The IBC contains a chapter in which it lists all the standards it refers to in the code. These standards are set by a variety of industry organizations, usually dedicated to one type or group of materials. For example, there are standards set by the American Concrete Institute (ACI), and the National Fire Protection Association (NFPA). You can usually find what standards (and thus tests) apply to which types of materials by referring to this list.

In some cases, manufacturers have a department that specializes in providing assistance to architects and answering questions about code compliance. If you’re uncertain about whether or not the product has undergone all necessary tests, try turning to the manufacturer for help. They’ll often do their best to clear things up so that you can safely specify their product.

Why Should a Third-Party Certification Matter to an Architect?

As Hendricks puts it, third-party certification gives assurance to both architects and end users that somebody is keeping an eye on the product’s performance and code compliance.

When you see that a product has obtained third-party certification, you can rest easy knowing that there’s ongoing surveillance of the product and its manufacturing. An objective party is ensuring that it still meets whatever standards it was originally tested for. This relieves a lot of the uncertainty that can surround specifications.

Challenges in the Process

In our talk with Hendricks, he described some common challenges that architects run into when they’re trying to specify products for their projects. We lay out these challenges and offer up some solutions below.  

How to Check if Your Desired Product Meets Code

Often, an architect may not know how to proceed when they’re uncertain about a product’s code compliance. What’s the best way to go about determining a product’s standing?

Listing agencies are always a great source of help for manufacturers and specifiers alike. If manufacturers are unsure of code requirements for a certain product, they can bring it to an agency and task them with the investigative work. Architects can also turn to listing agencies when they need to suss out whether or not a product meets code.  

In some cases, applicable codes don’t exist for especially new and inventive products. When this happens, Hendricks recommends approaching the code authorities:

“You know there’s a product on the market that’s innovative and doesn’t really fit the mold of anything yet, and there’s nothing in the codes to define it. At that point, it would be beneficial to engage some of the standards committees or probe committees and try to have something developed to get guidelines in place. That’s kind of what happened with fire curtains.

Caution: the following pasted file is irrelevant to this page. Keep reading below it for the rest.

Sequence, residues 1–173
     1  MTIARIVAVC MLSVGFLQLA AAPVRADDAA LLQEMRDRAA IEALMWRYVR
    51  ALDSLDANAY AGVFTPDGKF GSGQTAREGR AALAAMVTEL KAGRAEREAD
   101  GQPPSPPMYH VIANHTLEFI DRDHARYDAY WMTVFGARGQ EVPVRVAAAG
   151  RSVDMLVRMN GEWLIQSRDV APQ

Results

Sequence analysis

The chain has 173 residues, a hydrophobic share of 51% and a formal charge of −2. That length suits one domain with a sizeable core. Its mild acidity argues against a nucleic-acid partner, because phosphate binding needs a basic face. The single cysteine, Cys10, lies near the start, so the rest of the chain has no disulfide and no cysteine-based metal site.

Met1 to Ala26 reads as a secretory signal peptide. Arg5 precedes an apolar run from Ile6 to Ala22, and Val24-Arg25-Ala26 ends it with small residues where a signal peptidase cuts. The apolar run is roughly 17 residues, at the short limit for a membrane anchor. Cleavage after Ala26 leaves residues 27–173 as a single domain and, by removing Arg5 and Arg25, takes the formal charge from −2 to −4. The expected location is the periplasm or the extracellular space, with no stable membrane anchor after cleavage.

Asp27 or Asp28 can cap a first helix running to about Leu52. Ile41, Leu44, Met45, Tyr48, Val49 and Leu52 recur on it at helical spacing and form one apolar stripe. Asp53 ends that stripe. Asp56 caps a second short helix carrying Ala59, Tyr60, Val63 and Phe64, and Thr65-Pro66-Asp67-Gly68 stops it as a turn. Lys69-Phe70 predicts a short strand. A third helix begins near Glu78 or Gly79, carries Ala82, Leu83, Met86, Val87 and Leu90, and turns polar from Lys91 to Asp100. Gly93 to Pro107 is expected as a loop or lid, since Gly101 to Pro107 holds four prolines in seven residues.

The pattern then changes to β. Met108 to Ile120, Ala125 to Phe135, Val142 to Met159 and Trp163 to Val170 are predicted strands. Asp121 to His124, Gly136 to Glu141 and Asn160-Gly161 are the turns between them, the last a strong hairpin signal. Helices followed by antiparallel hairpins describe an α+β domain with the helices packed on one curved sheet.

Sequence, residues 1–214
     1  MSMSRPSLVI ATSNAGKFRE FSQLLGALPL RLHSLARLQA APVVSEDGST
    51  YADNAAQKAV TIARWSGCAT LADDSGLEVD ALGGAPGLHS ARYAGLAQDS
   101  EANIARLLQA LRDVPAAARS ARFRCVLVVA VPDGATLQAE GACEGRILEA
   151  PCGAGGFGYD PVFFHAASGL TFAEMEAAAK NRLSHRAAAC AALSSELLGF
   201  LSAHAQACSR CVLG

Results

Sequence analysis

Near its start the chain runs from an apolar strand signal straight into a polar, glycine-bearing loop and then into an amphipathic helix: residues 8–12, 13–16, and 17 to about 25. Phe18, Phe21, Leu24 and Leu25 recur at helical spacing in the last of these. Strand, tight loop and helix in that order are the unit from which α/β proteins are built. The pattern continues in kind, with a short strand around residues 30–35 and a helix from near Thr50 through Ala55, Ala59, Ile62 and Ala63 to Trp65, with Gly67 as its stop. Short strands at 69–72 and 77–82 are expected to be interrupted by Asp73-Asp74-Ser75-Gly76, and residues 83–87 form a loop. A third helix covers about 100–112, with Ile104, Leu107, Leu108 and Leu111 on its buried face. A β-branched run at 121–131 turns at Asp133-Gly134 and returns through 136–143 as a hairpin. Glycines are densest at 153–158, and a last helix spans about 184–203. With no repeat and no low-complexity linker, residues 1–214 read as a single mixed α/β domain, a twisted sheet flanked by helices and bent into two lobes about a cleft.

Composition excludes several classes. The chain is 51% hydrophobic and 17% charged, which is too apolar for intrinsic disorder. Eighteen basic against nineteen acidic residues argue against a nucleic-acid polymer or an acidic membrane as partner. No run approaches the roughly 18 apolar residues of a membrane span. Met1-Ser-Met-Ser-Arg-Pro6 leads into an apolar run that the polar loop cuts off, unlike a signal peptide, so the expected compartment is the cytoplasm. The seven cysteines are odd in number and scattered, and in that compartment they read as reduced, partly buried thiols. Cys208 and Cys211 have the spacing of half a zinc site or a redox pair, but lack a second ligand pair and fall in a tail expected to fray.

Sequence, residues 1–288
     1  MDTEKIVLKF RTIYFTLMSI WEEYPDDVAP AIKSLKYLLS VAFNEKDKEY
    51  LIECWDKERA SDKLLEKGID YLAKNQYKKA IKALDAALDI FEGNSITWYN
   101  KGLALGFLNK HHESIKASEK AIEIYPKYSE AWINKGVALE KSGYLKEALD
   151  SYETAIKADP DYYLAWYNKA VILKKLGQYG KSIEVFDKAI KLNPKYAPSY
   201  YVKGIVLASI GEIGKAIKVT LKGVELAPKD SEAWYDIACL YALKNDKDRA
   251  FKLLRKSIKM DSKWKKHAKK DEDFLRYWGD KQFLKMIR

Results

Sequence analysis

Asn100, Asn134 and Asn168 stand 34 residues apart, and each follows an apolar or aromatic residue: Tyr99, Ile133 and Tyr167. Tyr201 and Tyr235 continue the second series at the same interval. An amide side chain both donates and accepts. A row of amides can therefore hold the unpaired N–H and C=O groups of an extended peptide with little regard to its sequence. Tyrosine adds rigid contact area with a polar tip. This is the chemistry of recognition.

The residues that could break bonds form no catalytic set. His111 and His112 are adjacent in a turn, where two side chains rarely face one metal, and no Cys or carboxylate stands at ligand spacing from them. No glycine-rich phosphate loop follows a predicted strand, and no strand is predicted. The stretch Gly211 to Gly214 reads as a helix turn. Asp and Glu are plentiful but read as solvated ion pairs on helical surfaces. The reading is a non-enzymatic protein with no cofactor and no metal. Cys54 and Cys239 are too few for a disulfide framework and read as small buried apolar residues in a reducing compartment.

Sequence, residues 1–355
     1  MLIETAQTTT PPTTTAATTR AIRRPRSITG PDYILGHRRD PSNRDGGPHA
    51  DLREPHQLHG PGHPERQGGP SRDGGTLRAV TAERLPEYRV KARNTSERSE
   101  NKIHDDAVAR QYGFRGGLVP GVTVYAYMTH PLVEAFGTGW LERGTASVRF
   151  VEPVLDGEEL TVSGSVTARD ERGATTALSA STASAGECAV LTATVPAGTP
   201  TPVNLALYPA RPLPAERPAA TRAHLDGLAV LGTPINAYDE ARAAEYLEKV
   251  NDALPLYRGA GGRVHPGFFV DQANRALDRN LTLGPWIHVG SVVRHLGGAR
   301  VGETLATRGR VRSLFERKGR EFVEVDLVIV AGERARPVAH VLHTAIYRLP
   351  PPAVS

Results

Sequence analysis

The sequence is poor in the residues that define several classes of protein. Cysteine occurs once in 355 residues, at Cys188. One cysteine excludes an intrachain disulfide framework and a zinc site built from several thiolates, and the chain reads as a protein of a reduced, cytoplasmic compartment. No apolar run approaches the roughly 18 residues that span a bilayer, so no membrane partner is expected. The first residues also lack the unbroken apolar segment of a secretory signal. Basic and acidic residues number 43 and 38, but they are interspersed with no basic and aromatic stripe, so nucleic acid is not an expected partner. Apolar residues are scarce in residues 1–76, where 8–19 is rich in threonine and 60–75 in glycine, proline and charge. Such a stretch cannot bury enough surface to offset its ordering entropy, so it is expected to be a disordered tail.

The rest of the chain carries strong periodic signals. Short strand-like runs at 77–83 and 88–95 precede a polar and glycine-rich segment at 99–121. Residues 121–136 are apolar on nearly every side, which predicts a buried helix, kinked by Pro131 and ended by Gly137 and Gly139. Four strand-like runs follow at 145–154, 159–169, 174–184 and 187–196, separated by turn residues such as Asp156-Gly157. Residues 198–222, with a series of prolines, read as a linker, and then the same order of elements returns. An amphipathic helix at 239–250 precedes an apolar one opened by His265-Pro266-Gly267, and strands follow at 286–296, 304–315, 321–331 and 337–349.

Modifications and Customizations

What if you need to modify or customize the product in some way? There may not be applicable codes for unconventional use of a particular product type.

Hendricks recommends first contacting the product’s listing agency, who can help assess and make suggestions. In Hendricks’ experience, it’s often the manufacturers who check up on whether an architect’s planned usage meets code:

“So an architect specifies some kind of configuration for the field, and the manufacturer comes back to us and says, ‘Hey, can we do this type of configuration?’ At that point, it’s trying to work with the manufacturer to design a plan of attack for what the architect is expecting.”

Ultimately, you’ll need to prove to the local code authorities that the modification meets code equivalency. In some cases, architects may be able to get it approved easily by writing an engineering judgement or evaluation. If the local code official is rigorous, they may require that additional testing is done.

When Your Favorite Product No Longer Meets Code

After specifying the same product for countless projects, there may come a day when your go-to product no longer meets code. Something may have changed with the product itself, but in other cases, it’s most likely that the applicable code was simply updated to a new standard that the product doesn’t fit.

Unfortunately, when this happens, you don’t have much choice but to find a replacement. So how can you avoid this happening in the future if codes are constantly evolving?

The best approach is to keep informed. Stay on top of code cycles and standard revisions. Even if you’re not a member of a standards committee, you should still be able to stay abreast of what changes are in the works. This can give you time to find compliant alternatives if you learn that one of your go-to products will soon become invalid.

Designing for the Future: Professional Resources

Ideally, your approach to specification should be one of staying at least one step ahead of code. By becoming more knowledgeable about the building code and where it’s heading, you can ensure that your buildings not only meet the standards of today, but will also remain compliant for years to come.

Hendricks recommends a number of resources that prove invaluable for keeping track of code developments. The National Federal Development Association (NFDA) provides an informative magazine and newsletters for its members. The International Code Council (ICC) and the American Society for Testing and Materials (ASTM) are also on his list of top information sources.

Sign up for their mailing lists to get news about when code cycles are coming, when hearings are being held, when technical groups and committees meet, and other useful updates. Hendricks also recommends looking into organizations that are specifically related to your industry and niche.

We here at Smoke Guard hope that this guide helps you approach product specifications with greater ease and confidence. Armed with these strategies and insights, you’ll be better able to tackle code issues and keep your projects compliant.